Climate change is also a major problem. South Asian developing counties are vulnerable to climate change-related disasters. The history of Pakistan, and Bangladesh showed how much they suffered due to climate flood disasters. Pakistan and India are facing the brunt of extreme weather almost every year. Being affected by environmental problems severely influence economic activities in the summer of 2022 due to “Heat Waves” in India and Pakistan, “Flood Crisis” in Pakistan last year affected the largest region about one–third of the whole country. Melting glaciers in Pakistan, almost twenty glacier bodies in Nepal, and twenty-five in Bhutan are so unsafe glacial water bodies. Land erosion in India, and Nepal land erosion, and land sliding. With rising sea levels in Bangladesh, Maldives, and Pakistan it is expected that by 2050 most of them swallowed by the sea. This climate condition is not new for this region, according to the World Bank Report 750 million people across South Asian societies are impacted by the last almost 20 years. In Afghanistan, farmers face climate-induced drought, and nearly 19 million Afghans are unable to feed themselves and almost 5 million people across India and Bangladesh. According to the climate change risk index Bangladesh and Pakistan ranked sixth and seventh while India ranked fourth among them respectively. A recent report of intergovernmental on climate change called “Code Red for Humanity” by UN Secretary-General Antonio Guterres, it is predicted that in the next two decades, global warming will increase up to 1.5 degrees Celsius.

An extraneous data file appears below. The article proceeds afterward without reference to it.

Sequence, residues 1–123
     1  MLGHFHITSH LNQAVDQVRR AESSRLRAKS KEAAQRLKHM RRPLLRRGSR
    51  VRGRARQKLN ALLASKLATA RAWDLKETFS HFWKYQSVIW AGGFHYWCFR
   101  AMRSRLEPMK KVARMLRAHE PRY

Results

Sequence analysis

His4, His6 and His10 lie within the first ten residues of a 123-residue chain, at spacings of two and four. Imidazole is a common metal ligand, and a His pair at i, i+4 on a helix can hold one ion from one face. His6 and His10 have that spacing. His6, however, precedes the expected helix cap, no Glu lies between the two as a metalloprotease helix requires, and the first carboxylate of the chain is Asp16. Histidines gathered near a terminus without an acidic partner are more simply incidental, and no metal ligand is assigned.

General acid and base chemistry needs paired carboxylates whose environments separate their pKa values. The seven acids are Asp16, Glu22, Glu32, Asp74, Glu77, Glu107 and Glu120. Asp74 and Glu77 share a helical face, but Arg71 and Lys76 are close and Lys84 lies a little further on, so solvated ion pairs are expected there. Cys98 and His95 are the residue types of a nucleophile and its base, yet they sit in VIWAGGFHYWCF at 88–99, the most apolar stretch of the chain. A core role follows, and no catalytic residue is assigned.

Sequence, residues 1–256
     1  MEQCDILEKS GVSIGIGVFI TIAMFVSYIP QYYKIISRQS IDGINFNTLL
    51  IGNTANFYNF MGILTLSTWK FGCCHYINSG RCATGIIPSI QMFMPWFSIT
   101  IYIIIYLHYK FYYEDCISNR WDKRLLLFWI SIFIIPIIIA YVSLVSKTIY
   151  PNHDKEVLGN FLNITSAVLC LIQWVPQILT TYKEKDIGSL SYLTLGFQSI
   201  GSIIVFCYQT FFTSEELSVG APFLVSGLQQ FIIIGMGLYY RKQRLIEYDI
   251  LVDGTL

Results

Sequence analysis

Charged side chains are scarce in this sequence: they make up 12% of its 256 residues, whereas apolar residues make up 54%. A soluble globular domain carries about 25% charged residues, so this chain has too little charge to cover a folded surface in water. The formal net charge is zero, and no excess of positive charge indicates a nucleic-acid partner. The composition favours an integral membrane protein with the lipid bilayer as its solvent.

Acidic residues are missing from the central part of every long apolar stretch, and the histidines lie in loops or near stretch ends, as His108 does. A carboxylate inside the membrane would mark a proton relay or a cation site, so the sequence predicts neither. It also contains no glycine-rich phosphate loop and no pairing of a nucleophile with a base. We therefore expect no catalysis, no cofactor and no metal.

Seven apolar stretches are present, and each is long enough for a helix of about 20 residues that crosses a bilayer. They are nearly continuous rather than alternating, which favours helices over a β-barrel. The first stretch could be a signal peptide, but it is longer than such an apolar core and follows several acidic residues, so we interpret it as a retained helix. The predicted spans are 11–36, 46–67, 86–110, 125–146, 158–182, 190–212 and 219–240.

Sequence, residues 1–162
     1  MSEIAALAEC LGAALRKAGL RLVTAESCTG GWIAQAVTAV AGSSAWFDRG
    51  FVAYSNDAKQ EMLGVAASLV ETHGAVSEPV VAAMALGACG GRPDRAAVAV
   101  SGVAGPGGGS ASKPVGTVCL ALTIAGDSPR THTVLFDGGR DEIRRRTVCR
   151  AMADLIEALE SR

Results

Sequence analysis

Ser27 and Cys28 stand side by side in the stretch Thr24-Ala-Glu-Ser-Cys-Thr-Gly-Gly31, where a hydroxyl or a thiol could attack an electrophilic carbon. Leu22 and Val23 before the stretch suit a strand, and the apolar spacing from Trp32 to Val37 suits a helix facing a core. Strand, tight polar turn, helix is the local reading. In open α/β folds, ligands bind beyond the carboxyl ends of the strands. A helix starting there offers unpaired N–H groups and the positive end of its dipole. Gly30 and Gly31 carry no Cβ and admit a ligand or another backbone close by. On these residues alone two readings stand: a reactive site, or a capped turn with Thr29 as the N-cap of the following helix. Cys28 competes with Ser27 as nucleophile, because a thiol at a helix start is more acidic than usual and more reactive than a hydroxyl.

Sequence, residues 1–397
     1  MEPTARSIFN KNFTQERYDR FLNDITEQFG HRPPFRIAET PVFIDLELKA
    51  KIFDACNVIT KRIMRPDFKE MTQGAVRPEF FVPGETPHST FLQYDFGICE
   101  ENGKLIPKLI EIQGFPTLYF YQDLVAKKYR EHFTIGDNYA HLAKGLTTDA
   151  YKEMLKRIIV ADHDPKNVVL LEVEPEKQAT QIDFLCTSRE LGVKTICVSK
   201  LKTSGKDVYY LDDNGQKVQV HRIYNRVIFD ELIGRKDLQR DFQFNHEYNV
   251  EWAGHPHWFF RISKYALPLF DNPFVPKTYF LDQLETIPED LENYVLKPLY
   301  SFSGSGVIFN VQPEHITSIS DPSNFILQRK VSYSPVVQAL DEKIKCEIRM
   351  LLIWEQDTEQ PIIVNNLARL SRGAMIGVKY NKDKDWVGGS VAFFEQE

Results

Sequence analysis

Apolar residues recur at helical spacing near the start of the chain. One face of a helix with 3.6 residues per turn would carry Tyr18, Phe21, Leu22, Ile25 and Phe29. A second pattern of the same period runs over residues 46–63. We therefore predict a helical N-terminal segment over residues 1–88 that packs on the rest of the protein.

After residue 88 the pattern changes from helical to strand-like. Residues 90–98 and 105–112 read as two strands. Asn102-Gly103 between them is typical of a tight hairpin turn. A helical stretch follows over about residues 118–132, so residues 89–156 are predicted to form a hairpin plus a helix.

Almost all Asian societies adversely face the problem of pollution associated with indoor and outdoor elements which may be the source of pollution. With the increase of demographic pressure and urbanization, pollution is also considered a vital concern in South Asian countries. Due to industrialization, transportation, burning of coal, and biomass, excessive use of metals, and soil depletion of natural resources and minerals merely falls under the category of pollution. According to the report of the Air Quality Life Index Pakistan is the fourth most pollution-causing country in the world and India is the second most polluted country in the world and number one in Bangladesh. Excess methane, carbon dioxide, nitrogen, sulfur, and insoluble and soluble materials emitted by vehicles and industries are harmful effects on humans such as lung cancer, asthma, and water-borne diseases. It badly influences plants and animals.